Modern medicine saved me from a likely seizure before I could even meet my child. At some point in those blurry days after my daughter was born, I remember someone telling me I could have died.

And yet, my husband wanted to stick to the original plan for parenthood in those initial months. He told me the next time would be better.

Seventeen months later, I’m not convinced. Conversations about it paralyze me. He reminded me earlier this year, after our daughter’s first birthday, that we had a timeline for a second baby. We were, in many ways, at an impasse.

He wants another child, sooner rather than later. I can see it in his face. Having our daughter made him a different person, one that understands time passes fast and we only have so many moments. He’s sentimental now in a way he’s never been.

But we were both looking for an “out” from the plan – me for cowardly reasons, him because after 13 years together he knows pushing his stubborn wife only makes her dig in her heels more.

Four months ago we got it. After working as an adjunct professor for five years I accepted a tenure-track full-time position this fall. Six weeks ago, I started my new job. I made a declaration before I ever walked into my first lecture section: I didn’t want to be pregnant my first year teaching full time.

Suddenly there’s a new plan. It’s one that includes me showering my toddler with as much love as possible while running a program and building curriculum. It’s one that gives me another year to recover from the invisible scars of difficult pregnancy and childbirth. It’s one I wouldn’t have been comfortable with two years ago.

As a new mom, I’ve learned plans don’t mean much of anything. That doesn’t make them irrelevant, but, rather, moveable. So I’m accepting this non-bump in the road for the next year – especially if the end goal puts me in a better place to embrace the original plan.

The very best of Motherly — delivered when you need it most.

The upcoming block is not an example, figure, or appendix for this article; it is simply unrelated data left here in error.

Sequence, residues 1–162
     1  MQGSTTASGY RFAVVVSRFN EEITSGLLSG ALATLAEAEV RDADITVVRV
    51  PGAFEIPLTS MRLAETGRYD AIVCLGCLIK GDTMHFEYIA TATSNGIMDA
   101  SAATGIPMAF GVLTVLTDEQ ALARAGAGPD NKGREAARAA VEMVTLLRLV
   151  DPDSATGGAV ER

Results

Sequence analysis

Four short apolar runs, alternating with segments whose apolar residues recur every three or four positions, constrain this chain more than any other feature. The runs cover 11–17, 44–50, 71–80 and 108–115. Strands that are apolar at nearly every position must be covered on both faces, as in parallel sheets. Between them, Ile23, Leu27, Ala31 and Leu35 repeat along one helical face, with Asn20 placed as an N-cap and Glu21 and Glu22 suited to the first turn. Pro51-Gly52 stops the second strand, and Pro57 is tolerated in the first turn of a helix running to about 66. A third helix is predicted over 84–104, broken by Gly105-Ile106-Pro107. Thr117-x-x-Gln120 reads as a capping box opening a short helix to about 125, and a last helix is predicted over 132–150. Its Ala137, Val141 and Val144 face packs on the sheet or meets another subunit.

Subscribe for inspiration, empowering articles and expert tips to rock your best #momlife.

If you had asked me a few years ago what I thought my biggest accomplishment was, I probably would have rattled off a bunch of career-related successes and financial wins. Or even something about my worldly travels. I was full of money-driven, "success" driven goals. I had it all mapped out.

I was ticking off items on my list thinking the more I did the happier I would become.

But, my sweet child, in the short three and a half years I've been a mama, 1,352 days to be exact, I have realized something. Something you need to know.

No matter what, nothing I do in life will ever be as great as being your mom.


My accomplishments aren't measured in dollars, they are measured in hugs and kisses. And every time we say "I love you."

My accomplishments aren't measured by other people's praise, they are defined by the fact that I love you and will never stop.

My accomplishments are defined by the truth that I am with you no matter what. By the truth that I will be your biggest fan. Your protector. Your teacher. Your friend. Your confidant.

My accomplishments are defined by the truth that I will always be proud of you. That I will love you unconditionally, always and forever.

Yes, there are times when I achieve some pretty awesome things in life outside of being your mother. Moments I celebrate. Some are money-driven, some are career-driven, others are just things I've wanted to achieve and set out to do so. Am I proud of those things? Sure I am. I want to be an example to you that you can achieve anything you want to in this life. The world really is your oyster. Those moments though, never even come close to how proud I am to be your mom.

You see my child, no amount of money in the world can buy me the feeling of your little arms wrapped tight around me. The feeling of utter happiness I feel when I see you happy. No amount of money can buy the special bond we have.

My greatest accomplishment will always be you.

I won't lie, it isn't always easy. Sometimes, there are moments of exhaustion. Moments of frustration. Moments of tears. Moments where I desperately needed some 'me' time. But I will always choose you.

I know some people will not see motherhood as an accomplishment. That it is just something you do as part of life. But they don't see you like I do. Some people might wonder why I gave up a successful career to be home with you. But they don't know you like I do. They don't know that I was chosen to be your mama. That we were destined to be together. They don't know what an honor it is to be your mama.

So, my sweet child here is the truth.

You are my life's work.

You are my legacy in this world.

You, my child, are my greatest accomplishment and always will be.

[This article was previously published here.]


Aside from hygienic reasons, there's something about a bath that's soothing, inviting and relaxing. Even little ones can enjoy the benefits of self-care but they often need a little bit of entertainment while they're getting cleaned. Because they are so small and constantly putting anything in their mouths, it's important to use toys that are just as safe as they are entertaining.